Tired of messy network cables cluttering your home or office? This article provides a variety of solutions to help you hide them effectively, creating a more organised and aesthetically pleasing space.

Key Takeaways

  • Network cables can be unsightly and pose a tripping hazard.
  • Several solutions exist to hide them, including cable sleeves, clips, ties, protectors, conduits, trays, and matting.
  • Wireless networks don’t eliminate the need for cables entirely.

Q: How to hide network cables?

A: The article provides various solutions to hide network cables, such as cable sleeves, clips, ties, protectors, conduits, trays, and matting.

When networks are first installed, the cables are generally tidy and unobtrusive. Over time, however, you make additions and changes which can lead to a sprawl of cables which not only look unsightly but can also present a hazard.

Keeping network cables tidy or hiding them altogether is, therefore, something that exercises the mind of many network managers. Traditionally, cables making up the network infrastructure have been run via wall-mounted trunking or through suspended ceilings to keep them out of sight and out of mind. There still comes a point, however, where you need to run patch leads to desks and this is where things can start to get untidy, especially when you add in power leads and all the other cables needed for desktop PCs, phones and so forth. This applies even more so in machine rooms and comms cabinets.

Neat And Tidy

Network cables are thin and flexible, which makes them easy to install individually, but once you get a few together, they can easily become tangled and harder to manage. Fortunately, there are a variety of solutions on the market to make managing and concealing network cables a little easier.

One way of keeping cables neat and tidy in cabinets and behind desks is to use some form of sleeving. Braided sleeves are available in various sizes and different colours and are supplied on a roll for ease of use.

You can use sleeved cable in conjunction with clips and ties to attach cables neatly to the sides of cabinets and the back of desks to keep them out of the way and protect them from becoming damaged.

Inevitably cables sometimes need to cross floor spaces. If there is no ducting or overhead route available, then you need to ensure that they don’t represent a trip hazard. The best solution for this is to use a rubber cable protector. This ensures a neat installation and protects the cables from damage as well as keeping people safe. Cable protectors are a useful solution for situations such as exhibitions where cables may need to be laid only temporarily.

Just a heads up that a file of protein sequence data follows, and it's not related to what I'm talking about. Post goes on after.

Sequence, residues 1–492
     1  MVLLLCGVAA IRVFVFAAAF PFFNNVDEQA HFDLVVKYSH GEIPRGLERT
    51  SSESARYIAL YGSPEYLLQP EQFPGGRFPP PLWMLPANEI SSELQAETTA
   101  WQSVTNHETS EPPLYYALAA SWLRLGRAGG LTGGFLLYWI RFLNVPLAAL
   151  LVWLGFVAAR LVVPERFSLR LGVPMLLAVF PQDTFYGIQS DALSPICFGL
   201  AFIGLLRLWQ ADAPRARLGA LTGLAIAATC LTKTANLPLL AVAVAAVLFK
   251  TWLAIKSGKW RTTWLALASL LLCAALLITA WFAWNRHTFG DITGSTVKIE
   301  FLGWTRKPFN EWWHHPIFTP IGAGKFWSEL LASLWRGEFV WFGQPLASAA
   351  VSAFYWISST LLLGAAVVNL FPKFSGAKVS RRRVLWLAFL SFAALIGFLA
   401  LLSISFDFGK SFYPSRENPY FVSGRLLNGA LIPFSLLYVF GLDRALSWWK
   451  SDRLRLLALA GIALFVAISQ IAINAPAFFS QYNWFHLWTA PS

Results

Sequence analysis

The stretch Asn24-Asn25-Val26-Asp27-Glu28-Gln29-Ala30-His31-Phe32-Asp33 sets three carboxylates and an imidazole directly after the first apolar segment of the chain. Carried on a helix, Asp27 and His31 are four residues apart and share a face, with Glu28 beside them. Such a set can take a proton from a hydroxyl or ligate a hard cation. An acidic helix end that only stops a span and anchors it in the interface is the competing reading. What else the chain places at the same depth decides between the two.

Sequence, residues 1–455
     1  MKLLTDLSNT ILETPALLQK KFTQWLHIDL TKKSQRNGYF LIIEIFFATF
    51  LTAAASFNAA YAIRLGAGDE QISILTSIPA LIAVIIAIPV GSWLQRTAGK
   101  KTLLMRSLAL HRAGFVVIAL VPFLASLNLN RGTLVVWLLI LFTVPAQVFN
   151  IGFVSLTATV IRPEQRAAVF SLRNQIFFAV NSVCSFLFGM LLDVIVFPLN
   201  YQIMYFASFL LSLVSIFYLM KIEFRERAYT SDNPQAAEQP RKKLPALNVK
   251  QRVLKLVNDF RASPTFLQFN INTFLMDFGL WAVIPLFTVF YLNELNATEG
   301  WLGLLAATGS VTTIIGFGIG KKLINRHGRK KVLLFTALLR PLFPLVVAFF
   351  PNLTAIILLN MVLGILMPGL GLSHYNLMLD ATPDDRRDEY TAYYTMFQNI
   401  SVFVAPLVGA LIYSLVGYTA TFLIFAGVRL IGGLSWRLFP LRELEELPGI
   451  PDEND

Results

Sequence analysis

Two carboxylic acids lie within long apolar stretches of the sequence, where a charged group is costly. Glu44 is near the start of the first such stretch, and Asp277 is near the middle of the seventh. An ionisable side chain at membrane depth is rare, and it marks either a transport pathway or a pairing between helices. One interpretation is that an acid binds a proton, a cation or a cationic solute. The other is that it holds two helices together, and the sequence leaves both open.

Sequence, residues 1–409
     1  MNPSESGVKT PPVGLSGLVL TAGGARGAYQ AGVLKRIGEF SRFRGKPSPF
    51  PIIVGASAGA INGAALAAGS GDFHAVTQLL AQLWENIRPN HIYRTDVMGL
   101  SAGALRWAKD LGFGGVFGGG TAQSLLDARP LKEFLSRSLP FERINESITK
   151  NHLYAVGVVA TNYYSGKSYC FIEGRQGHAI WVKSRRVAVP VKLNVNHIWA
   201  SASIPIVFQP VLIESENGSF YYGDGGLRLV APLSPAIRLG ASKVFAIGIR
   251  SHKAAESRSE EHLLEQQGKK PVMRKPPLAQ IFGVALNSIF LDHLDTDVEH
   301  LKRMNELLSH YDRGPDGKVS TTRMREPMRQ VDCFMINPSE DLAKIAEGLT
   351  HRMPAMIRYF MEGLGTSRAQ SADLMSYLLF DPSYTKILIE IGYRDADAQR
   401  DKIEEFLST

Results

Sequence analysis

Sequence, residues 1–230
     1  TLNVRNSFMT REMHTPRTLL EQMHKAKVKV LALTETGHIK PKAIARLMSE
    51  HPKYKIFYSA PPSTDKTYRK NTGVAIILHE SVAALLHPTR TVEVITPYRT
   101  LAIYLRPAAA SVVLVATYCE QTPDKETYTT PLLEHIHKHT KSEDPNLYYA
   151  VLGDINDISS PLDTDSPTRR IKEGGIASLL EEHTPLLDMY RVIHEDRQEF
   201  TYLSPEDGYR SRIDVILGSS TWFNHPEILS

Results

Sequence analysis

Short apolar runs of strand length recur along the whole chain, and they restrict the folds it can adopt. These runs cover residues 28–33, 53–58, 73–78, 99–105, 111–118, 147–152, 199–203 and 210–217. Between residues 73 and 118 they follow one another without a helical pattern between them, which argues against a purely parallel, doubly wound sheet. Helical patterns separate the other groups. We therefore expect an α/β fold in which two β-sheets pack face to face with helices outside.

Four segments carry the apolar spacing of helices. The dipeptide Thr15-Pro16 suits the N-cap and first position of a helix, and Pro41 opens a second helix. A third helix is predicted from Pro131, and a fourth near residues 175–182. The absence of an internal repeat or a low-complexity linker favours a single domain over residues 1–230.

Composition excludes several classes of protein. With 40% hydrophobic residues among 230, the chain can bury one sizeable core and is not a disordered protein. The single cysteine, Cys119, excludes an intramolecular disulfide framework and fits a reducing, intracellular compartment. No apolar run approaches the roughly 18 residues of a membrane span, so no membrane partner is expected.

Out Of Sight

If you have network cables installed in locations such as ceiling or floor spaces, then they may need further protection to keep them safe from damage and abrasion. This can be achieved using flexible conduits which come in a variety of sizes and with a full range of fittings to joint and fix them.

If you need to keep hidden cables tidy but also retain easy access to them, then cable trays are an ideal solution. These can be mounted to walls or suspended from ceilings so that cables can be easily routed and yet accessed when need be. Standard lengths can be joined together to create a wide variety of configurations.

Trays can be used in conjunction with basket matting. This protects the cables from damage and is fire resistant as well as being able to withstand moisture. Using matting helps to reduce the risk of cables being damaged from contact with sharp tray edges or grit and debris in underfloor ducts or ceiling spaces.

What About Wireless?

Of course, many businesses are turning to wireless networks which you might think would do away with the need for cable altogether. But even with Wi-Fi networks, cables don’t go away completely. You will still need cables for some items (desktop phones for example) and even for parts of the wireless network such as repeaters and access points.

You may be able to further reduce the number of cables you need to run to network devices by employing technology such as power over Ethernet.